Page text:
Yes, and it will only become more distinct. There are the typical ideas in LA about light, the great weather, and indoor-outdoor living that drive design more than they do in New York, Chicago and San Francisco. LA is more open, lighter, and friendlier, which is a departure from the darker, more inward-looking design aesthetic of New York. Roof top venues exist in the other cities, but they are at their best in LA. Developers and hospitality operators know that design is competitive and that they aren’t the only cool kids on the block. Everyone is looking for the next big idea beyond what has already been done in New York or down the street. This competition will inevitably lead to fresh design, and a lot of it will be tailored to take advantage of Downtown’s unique assets, including its historic nature. I do see design in LA becoming more formal and sophisticated. LA’s food culture will also continue to advance and be distinctive from other cities.

Speaking of fresh ideas, do you have any development secrets to share?

I’m not going to tell too many secrets, but we are working with our partners on some hospitality concepts that will be truly unique to the market, and driven by Southern California culture. That’s all I have to say.

Tuesday, June 30 2015

ARO 2.0: Hospitality

ARO 2.0 image_Final2 In 1999, the City of Los Angeles passed the Adaptive Reuse Ordinance providing flexibility within some portions of the planning and building codes that had made it prohibitively expensive to rehabilitate older historic buildings. KFA designed the first projects to take advantage of the ordinance in the Old Bank District, transforming the San Fernando, Hellman and Continental from dated office buildings into residential lofts. The population of DTLA increased five-fold over the next several years, and with over 40 development and rehabilitation projects, KFA has been a central player in the Downtown revival. It wasn’t until the great recession of the late 2000’s that enthusiasm for development downtown waned.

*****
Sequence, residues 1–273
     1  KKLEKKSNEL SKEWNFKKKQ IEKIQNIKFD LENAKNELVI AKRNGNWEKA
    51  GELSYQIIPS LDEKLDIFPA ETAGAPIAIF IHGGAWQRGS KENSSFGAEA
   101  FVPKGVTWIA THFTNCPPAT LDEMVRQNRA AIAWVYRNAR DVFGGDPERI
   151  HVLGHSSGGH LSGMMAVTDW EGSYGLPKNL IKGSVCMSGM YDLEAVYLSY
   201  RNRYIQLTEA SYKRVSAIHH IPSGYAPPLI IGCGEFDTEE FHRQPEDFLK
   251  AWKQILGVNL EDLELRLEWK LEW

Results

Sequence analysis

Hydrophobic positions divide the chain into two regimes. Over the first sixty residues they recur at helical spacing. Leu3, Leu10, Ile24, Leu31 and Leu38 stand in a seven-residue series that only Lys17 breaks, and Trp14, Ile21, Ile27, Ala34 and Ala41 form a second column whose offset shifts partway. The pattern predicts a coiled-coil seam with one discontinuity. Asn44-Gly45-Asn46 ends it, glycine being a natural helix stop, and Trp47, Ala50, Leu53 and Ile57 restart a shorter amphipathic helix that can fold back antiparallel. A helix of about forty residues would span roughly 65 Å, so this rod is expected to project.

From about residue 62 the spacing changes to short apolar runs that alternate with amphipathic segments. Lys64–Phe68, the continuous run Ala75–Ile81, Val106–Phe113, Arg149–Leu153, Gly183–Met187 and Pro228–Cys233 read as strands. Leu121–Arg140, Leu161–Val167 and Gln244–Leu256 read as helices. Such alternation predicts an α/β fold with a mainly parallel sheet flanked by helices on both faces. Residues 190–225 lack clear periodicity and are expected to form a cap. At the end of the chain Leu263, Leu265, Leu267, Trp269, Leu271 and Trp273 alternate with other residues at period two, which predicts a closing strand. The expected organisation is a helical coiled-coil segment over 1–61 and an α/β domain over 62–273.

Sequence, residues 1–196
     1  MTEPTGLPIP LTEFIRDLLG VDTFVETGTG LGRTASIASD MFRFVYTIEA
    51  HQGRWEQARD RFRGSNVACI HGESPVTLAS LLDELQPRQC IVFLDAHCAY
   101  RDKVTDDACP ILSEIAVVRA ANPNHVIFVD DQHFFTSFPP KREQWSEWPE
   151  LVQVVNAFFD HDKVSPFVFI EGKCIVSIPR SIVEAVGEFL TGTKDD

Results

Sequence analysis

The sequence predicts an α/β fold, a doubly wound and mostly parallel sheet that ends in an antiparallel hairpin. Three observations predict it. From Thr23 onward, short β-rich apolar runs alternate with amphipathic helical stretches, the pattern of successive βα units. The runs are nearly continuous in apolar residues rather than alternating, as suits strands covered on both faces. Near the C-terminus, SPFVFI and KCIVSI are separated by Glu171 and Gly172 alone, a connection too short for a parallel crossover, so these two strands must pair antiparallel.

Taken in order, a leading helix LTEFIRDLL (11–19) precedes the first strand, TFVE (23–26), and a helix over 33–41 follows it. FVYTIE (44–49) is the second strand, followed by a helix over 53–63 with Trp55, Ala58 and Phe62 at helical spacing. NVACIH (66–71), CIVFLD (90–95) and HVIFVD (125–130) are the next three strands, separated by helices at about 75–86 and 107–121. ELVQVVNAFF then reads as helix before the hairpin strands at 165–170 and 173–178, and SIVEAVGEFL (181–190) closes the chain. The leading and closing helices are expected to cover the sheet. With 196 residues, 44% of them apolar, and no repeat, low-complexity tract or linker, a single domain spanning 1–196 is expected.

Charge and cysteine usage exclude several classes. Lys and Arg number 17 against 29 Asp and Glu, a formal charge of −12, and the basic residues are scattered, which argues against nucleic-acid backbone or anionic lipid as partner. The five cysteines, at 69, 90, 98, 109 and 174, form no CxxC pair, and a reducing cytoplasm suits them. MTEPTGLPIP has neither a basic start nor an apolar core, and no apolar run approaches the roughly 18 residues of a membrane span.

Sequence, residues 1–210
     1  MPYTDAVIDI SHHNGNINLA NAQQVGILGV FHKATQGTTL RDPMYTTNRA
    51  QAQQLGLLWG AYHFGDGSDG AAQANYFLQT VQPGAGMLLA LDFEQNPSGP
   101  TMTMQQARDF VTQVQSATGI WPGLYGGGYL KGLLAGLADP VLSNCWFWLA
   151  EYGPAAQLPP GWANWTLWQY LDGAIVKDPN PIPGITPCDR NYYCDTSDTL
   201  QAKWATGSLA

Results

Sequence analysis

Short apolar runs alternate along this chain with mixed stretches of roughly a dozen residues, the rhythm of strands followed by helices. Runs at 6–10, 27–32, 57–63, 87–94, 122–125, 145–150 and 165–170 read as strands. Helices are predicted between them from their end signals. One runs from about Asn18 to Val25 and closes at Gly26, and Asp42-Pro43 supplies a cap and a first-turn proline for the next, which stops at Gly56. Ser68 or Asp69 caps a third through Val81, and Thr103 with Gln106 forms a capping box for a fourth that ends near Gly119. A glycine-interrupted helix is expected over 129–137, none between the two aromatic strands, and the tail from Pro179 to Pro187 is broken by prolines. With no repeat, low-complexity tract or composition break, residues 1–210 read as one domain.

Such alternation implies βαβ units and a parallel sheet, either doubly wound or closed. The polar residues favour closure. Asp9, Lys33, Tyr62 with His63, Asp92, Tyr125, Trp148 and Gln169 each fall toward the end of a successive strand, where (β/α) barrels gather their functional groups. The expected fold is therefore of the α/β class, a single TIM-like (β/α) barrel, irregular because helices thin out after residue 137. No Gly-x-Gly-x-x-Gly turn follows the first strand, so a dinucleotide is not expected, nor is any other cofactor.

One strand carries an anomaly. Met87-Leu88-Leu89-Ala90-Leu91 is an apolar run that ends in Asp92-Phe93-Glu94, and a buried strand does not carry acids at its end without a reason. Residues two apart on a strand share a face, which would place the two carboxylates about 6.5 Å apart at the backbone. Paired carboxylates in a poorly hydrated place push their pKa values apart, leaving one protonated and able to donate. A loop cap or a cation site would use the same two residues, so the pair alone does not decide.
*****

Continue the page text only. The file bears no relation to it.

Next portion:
In 2011, Greenfield Partners and Ace Hotels saw a great opportunity in rehabilitating the abandoned United Artists Theater Building and former Texaco offices, commissioned by Mary Pickford, Douglas Fairbanks and Charlie Chaplin and built in 1927, into a boutique destination. Naysayers doubted the viability of a hotel south of the historic core, but since the Ace Hotel Link opened in January of 2014, its rooms, bars and restaurants have been packed, and it is credited with starting the boom that is currently happening south of 9th Street.

Identified by many as having an extreme shortage in hotel rooms, the City is now witnessing the development of previously overlooked DTLA historic buildings into hotels using some of the provisions allowed by the Adaptive Reuse Ordinance. Of KFA’s 1000+ designed boutique guest rooms in Los Angeles, over 75% of them take advantage of the ARO. Buildings that may be less viable as apartments have become opportunities for hotel developers, with accommodations ranging from luxury hotel rooms to sleeping rooms in a private club to hostel style bunk rooms.